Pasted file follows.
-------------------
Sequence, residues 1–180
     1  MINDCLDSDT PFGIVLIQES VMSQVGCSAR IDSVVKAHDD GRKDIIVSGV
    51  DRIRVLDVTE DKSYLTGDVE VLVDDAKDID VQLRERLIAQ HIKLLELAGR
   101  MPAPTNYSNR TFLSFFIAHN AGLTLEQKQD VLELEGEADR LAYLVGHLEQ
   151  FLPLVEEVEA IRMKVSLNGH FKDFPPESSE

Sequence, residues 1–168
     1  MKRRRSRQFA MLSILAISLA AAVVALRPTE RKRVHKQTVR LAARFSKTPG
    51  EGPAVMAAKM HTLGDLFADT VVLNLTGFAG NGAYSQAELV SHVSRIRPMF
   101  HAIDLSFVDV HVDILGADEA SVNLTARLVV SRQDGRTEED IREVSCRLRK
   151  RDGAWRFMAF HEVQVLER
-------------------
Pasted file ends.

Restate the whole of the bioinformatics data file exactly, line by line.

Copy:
Sequence, residues 1–180
     1  MINDCLDSDT PFGIVLIQES VMSQVGCSAR IDSVVKAHDD GRKDIIVSGV
    51  DRIRVLDVTE DKSYLTGDVE VLVDDAKDID VQLRERLIAQ HIKLLELAGR
   101  MPAPTNYSNR TFLSFFIAHN AGLTLEQKQD VLELEGEADR LAYLVGHLEQ
   151  FLPLVEEVEA IRMKVSLNGH FKDFPPESSE

Sequence, residues 1–168
     1  MKRRRSRQFA MLSILAISLA AAVVALRPTE RKRVHKQTVR LAARFSKTPG
    51  EGPAVMAAKM HTLGDLFADT VVLNLTGFAG NGAYSQAELV SHVSRIRPMF
   101  HAIDLSFVDV HVDILGADEA SVNLTARLVV SRQDGRTEED IREVSCRLRK
   151  RDGAWRFMAF HEVQVLER